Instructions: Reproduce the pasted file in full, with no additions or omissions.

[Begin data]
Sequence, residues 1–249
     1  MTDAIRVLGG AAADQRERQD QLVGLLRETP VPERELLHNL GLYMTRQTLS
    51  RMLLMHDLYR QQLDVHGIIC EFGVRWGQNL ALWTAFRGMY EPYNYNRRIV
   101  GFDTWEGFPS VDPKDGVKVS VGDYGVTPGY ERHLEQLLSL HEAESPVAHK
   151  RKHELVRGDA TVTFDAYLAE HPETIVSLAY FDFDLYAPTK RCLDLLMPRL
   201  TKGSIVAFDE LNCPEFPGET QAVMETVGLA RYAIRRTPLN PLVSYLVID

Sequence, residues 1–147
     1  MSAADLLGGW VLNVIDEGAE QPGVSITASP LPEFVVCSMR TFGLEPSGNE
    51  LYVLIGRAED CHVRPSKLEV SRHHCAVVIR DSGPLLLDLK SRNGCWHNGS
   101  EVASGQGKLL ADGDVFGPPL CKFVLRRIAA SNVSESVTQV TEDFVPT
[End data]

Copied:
Sequence, residues 1–249
     1  MTDAIRVLGG AAADQRERQD QLVGLLRETP VPERELLHNL GLYMTRQTLS
    51  RMLLMHDLYR QQLDVHGIIC EFGVRWGQNL ALWTAFRGMY EPYNYNRRIV
   101  GFDTWEGFPS VDPKDGVKVS VGDYGVTPGY ERHLEQLLSL HEAESPVAHK
   151  RKHELVRGDA TVTFDAYLAE HPETIVSLAY FDFDLYAPTK RCLDLLMPRL
   201  TKGSIVAFDE LNCPEFPGET QAVMETVGLA RYAIRRTPLN PLVSYLVID

Sequence, residues 1–147
     1  MSAADLLGGW VLNVIDEGAE QPGVSITASP LPEFVVCSMR TFGLEPSGNE
    51  LYVLIGRAED CHVRPSKLEV SRHHCAVVIR DSGPLLLDLK SRNGCWHNGS
   101  EVASGQGKLL ADGDVFGPPL CKFVLRRIAA SNVSESVTQV TEDFVPT